Three top administrators are leaving the Portland School District, two to become superintendents elsewhere in the state, just as a new superintendent begins work July 5.

Chief Academic Officer Becky Foley will be superintendent in RSU 5 in the Freeport area, and Director of School Management Kim Brandt will be superintendent in the Turner School District. Chief Financial Officer Ellen Sanborn is leaving to head up finances for the Metro transit system.

That means incoming Superintendent Xavier Botana, who is Portland’s sixth superintendent in nine years, will have to immediately rebuild his executive team.

“It’s obviously a huge gap in the leadership in the district as I move in,” Botana said Friday. “We really are in a state of flux.”

His first decision was to ask outgoing Acting Superintendent Jeanne Crocker to stay in the district, allowing him to fill the chief academic officer position temporarily with an in-house hire. The CFO position, posted last week, will be a permanent hire, Botana said.

Botana said that will give him a leadership team while he evaluates district needs, and Crocker, who had planned to retire, can be a resource to him.

“That’s truly valuable from my perspective,” said Botana.

Crocker will return to her previous role as director of school management, working directly with district principals. Crocker has been acting superintendent since Emmanuel Caulk, the previous superintendent, left last August to be superintendent at a Kentucky school system.

School Board Chairwoman Marnie Morrione said the board appreciated that Botana was “proactive” and made those hiring decisions before starting work in the district.

“He wants to be extremely thoughtful and measured in his approach of what the district needs are,” Morrione said. “This is to ensure some stability, but he also wants to listen and learn.”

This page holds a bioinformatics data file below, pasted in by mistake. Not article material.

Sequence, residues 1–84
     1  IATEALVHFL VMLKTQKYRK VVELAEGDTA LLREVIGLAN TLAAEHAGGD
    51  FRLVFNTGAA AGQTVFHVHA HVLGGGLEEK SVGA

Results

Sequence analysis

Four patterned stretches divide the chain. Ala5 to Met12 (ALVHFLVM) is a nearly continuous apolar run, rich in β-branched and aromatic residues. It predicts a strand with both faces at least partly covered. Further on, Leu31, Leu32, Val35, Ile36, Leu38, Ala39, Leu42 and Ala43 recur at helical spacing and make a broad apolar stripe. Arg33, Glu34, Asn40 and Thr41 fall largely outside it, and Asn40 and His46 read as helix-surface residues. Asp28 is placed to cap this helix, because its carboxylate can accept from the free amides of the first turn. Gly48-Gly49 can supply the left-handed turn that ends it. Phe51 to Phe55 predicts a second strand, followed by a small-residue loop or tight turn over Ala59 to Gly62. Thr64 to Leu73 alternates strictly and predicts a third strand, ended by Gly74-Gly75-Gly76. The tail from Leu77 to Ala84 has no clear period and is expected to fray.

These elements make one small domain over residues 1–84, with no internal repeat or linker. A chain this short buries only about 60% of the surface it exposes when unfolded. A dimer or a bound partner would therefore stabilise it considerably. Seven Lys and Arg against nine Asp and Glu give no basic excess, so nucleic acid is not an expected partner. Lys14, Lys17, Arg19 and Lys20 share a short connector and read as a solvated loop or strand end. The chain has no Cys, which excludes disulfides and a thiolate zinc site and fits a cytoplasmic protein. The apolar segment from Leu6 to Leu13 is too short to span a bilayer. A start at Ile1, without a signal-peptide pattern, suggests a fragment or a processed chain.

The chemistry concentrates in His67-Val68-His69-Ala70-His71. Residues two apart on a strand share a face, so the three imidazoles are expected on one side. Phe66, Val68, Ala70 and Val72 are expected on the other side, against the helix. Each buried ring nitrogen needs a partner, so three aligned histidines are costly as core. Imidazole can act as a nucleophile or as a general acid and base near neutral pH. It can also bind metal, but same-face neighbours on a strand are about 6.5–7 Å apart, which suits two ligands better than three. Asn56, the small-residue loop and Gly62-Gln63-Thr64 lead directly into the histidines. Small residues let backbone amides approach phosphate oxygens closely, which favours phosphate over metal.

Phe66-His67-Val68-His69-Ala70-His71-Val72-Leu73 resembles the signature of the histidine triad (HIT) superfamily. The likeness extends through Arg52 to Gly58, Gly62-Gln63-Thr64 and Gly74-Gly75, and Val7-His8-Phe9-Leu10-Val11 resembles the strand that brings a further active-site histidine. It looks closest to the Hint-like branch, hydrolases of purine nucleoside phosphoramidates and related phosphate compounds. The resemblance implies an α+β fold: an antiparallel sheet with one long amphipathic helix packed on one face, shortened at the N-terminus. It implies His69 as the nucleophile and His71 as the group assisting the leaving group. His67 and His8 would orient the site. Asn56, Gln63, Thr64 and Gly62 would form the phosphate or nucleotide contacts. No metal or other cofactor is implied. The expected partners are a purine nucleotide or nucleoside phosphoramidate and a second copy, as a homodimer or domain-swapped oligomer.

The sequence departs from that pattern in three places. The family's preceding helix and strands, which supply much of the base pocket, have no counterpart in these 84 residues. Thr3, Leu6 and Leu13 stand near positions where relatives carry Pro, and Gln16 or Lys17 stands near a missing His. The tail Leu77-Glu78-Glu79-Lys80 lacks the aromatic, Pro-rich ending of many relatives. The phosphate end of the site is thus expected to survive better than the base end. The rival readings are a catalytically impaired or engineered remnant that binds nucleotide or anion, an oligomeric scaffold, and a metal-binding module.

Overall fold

School Board member Sarah Thompson said the changes give Botana the chance to create his own leadership structure, and pick his own people.

“I think it’s an opportunity,” she said, noting that previous superintendents have changed job titles, job duties and created entirely new positions that were in line with their priorities.

Officials have said the turnover, and shifting priorities that have come and gone with various leaders, have led to an extended unsettled period for the district. Hiring and turnover can be time-consuming, distracting and expensive – and the school board has repeatedly said stability is a top priority.

“What people want is stability and the right people in the right seats. I think Xavier will bring a fresh perspective,” Thompson said. “Not that we want a lot of major changes, but education changes all the time.”

Botana said the changes “really bring … home for me” how the district suffers from a lack of stability.

“One of the big takeaways for me is the importance of trying to build the leadership capacity within the district so that we really have a pipeline of school and district leaders and we don’t have to be reeling every time people move on,” he said.

There has been turnover at the principal level, too. This fall there will be new principals at Portland High School, King Middle School and PATHS – Portland Arts & Technology High School.

When Crocker replaced Caulk, she quickly filled three executive-level vacancies, including hiring Foley and Brandt.

Before Caulk, the superintendents were James Morse, Jeanne Whynot-Vickers and Mary Jo O’Connor, who resigned in 2007 after a $2 million deficit sent the district into a financial and management tailspin that took years to stabilize.

When the board was searching for a new superintendent, members agreed that finding someone who would stay for the long term was a high priority. When they hired Botana, who has a three-year contract, they said they were convinced he intends to remain in Portland for an extended period.

“Ideally, I wanted to have the most seasoned and consistent team possible coming in,” Botana said. “But you’re not always dealt the cards you want.”


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